New fly fishing gear: August 2023

What's new on the water this month
scott swing fly rod
Photo: Scott Fly Rods.

Summer’s end is here for those of us in northern climes, and not too far behind for many others. As we drove through Grand Teton National Park earlier this week, the willows had a distinct orange tinge to them, and the morning chill was more of an autumn bite.

Bring it on. After a season of devastating Canadian wildfires, severe drought, tropical storms over the desert and just plain, unrelenting heat, many anglers will welcome the first few weeks of fall with open arms. And, with the winter travel season quickly approaching, many will be looking for some new gear.

With that in mind, fly fishing gear manufacturers aren’t about to throw in the towel on gear rollouts. August has been a happening month in that regard. From a new premium fly rod from Scott to new footwear from a couple of reputable brands, let’s explore some of the new gear hitting shelves this month and in the weeks ahead.

Scott Swing fly rods

The Montrose, Colo.-based rod-maker is after the “swingers” in our pastime. The company has a long history of building innovative fly rods for every application, and the new Scott Swing series (pictured at top) is designed for those who swing streamers for big-water trout, steelhead and salmon, either with single-handed rods or longer two-handed implements.

Noting the many “disciplines within the discipline” of swinging flies for salmon, steelhead and trout, Scott has crafted 14 different fly rods, from an 11-foot, 8-inch two-handed 4-weight for trout to a 16-foot, 1-inch 10-weight spey rod for the liveliest king, sea-run brown, steelhead or Atlantic salmon an angler might encounter. Single-handed rods are included in the series, too — the 9-foot, 8-inch 7-weight is billed as the ideal fly rod for big-river trout.

All Swing rods, according to Scott, “feature progressive loading actions, fast recovery speeds, directional stability, and a light-in-hand feel” that comes from the company’s new tapers with its “multi-directional, multi-modulus layups, ARC2 reinforcement, Carbon Link resin system and the very finest components.” Head here for our full writeup on the release of the Scott Swing fly rod series. MSRP: Staring at $1,095.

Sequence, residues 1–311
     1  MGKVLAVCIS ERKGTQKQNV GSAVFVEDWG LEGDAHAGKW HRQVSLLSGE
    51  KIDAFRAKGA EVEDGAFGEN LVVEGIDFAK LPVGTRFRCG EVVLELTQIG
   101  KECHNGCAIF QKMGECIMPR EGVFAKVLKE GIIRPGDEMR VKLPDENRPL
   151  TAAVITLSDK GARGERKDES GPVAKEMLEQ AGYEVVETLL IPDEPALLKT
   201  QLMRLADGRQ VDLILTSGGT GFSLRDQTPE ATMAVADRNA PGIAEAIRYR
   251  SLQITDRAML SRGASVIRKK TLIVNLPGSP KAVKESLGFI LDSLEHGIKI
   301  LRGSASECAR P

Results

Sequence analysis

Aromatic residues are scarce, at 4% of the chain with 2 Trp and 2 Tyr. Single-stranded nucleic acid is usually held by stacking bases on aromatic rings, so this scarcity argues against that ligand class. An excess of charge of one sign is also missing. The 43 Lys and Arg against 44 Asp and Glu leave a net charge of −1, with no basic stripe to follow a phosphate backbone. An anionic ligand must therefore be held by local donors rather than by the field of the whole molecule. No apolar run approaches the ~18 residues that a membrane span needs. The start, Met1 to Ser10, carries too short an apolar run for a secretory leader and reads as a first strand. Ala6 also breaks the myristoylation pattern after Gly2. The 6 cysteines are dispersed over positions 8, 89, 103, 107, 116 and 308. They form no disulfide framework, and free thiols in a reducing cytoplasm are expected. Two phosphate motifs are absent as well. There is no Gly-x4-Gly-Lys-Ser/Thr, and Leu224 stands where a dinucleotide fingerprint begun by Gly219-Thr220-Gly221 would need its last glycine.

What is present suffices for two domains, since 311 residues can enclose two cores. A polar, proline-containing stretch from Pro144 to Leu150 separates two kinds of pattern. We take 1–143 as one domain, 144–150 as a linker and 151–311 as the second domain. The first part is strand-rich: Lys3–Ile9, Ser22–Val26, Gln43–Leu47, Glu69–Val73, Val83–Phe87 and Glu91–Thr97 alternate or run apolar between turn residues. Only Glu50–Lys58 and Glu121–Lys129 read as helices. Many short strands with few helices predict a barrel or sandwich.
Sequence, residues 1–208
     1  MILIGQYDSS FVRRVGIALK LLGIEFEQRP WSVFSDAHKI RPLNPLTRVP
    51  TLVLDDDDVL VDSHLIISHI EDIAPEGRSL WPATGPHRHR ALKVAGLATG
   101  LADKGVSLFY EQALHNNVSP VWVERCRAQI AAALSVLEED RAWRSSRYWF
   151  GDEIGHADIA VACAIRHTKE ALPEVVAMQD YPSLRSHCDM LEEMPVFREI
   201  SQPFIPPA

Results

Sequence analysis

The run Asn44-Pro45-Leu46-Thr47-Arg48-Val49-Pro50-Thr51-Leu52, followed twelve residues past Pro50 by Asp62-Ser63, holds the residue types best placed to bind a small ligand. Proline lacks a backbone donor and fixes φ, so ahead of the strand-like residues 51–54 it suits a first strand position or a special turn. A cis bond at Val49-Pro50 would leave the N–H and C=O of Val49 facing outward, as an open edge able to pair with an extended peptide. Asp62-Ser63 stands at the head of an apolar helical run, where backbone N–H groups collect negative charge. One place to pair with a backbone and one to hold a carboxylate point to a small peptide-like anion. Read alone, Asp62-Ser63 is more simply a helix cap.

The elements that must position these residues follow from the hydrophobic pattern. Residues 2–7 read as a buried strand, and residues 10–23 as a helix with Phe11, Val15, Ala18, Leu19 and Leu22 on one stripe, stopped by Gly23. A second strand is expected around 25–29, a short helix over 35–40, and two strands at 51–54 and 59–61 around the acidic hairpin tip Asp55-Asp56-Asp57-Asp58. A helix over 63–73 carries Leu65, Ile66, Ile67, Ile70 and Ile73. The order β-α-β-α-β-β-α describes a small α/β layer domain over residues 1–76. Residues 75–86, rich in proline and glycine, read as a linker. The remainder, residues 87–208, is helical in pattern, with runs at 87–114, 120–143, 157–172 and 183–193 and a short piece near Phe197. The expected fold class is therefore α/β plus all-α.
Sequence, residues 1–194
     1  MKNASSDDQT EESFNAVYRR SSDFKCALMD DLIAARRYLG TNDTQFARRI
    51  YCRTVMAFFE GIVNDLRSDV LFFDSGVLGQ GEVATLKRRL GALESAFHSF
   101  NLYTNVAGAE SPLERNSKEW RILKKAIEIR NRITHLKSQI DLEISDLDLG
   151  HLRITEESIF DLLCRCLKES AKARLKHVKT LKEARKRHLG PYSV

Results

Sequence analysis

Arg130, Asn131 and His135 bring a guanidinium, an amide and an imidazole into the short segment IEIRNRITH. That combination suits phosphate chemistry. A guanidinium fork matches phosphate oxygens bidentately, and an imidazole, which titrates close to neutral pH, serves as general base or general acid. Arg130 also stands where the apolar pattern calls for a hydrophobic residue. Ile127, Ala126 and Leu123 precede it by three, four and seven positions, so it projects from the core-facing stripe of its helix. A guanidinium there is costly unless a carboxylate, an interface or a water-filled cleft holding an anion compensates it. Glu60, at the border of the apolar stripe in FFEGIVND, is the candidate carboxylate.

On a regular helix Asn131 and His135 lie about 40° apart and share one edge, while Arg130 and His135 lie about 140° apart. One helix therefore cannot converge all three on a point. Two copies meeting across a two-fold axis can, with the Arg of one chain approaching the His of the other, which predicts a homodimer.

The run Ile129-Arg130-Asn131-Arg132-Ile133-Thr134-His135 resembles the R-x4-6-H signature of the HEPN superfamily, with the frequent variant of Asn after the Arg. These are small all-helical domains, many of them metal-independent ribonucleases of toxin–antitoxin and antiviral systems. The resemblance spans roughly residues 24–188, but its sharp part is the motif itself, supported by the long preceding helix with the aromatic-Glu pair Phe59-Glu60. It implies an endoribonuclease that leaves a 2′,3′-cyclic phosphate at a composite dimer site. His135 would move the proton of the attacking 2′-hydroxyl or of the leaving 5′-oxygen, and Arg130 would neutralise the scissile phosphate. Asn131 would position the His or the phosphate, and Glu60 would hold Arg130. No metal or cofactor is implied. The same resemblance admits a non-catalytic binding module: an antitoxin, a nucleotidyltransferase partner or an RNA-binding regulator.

patagonia forra wading boots
Photo: Bryan Gregson.

Patagonia Forra wading boots

We’d be a bit more surprised about the number of industry professionals going out of their way to profess their love for Patagonia’s latest wading boots if they weren’t the product of a partnership between the Ventura, CA-based gearmaker and Fitwell, an Italian bootmaker best known for building technical footwear for all manner of high-consequence outdoor pursuits — such as ice climbing, high-altitude mountaineering, and alpine rescue.

We’ve been testing them for a few months, and are similarly impressed. As such, we won’t be the least bit surprised if Patagonia’s new Forra wading boots — which may just be the lightest wading boots currently on the market without skimping on essential qualities such as hardiness and ankle support — continue to turn heads. Check our full writeup about the Forra boots here and stay tuned for a full review. MSRP: $299.


bajio readers
Photo: Bajio Sunglasses.

Bajio polarized readers

Bajio, the reputable manufacturer of high-end polarized sunglasses is releasing a new “radically clear, polarized, blue light-blocking” reader that’s intended to be used by anglers who don’t necessarily need prescription sunglasses, but who might like just a bit of help with the “up close” work — tying knots, adding tippet, sharpening hooks, etc.

The target audience for Bajio’s new reader sunglasses is the angler who switches back and forth between polarized sunglasses for general fishing and up-close reading glasses for detail work. Each pair of readers can be built to order, and they’re available in every full-wrap frame the company offers. What’s more, the lenses are available in four different lens options and three magnification powers. Once ordered by consumers, the readers can be shipped in as little as 48 hours.

Since, as of this month, readers are now available in all of the company’s full-wrap frames, customers can enjoy all the other benefits that come with Bajio sunglasses, like vented rubber side shields, ergonomic rubber nose pads and two-way hinges. MSRP: Starting at $229.


hardy sovereign fly reel
Image credit: Hardy.

Hardy Sovereign fly reel

Years ago, when our regular contributor Chris Hunt lived in northern California, a coworker of his fell ill and had to give up fly fishing. "He gifted me an old Hardy Princess fly reel, " Chris recalled. "It was a thing of beauty, and even though it was at least 40 years old, it purred nicely when trout pulled line from the reel. I’ve had a soft spot for Hardy reels ever since."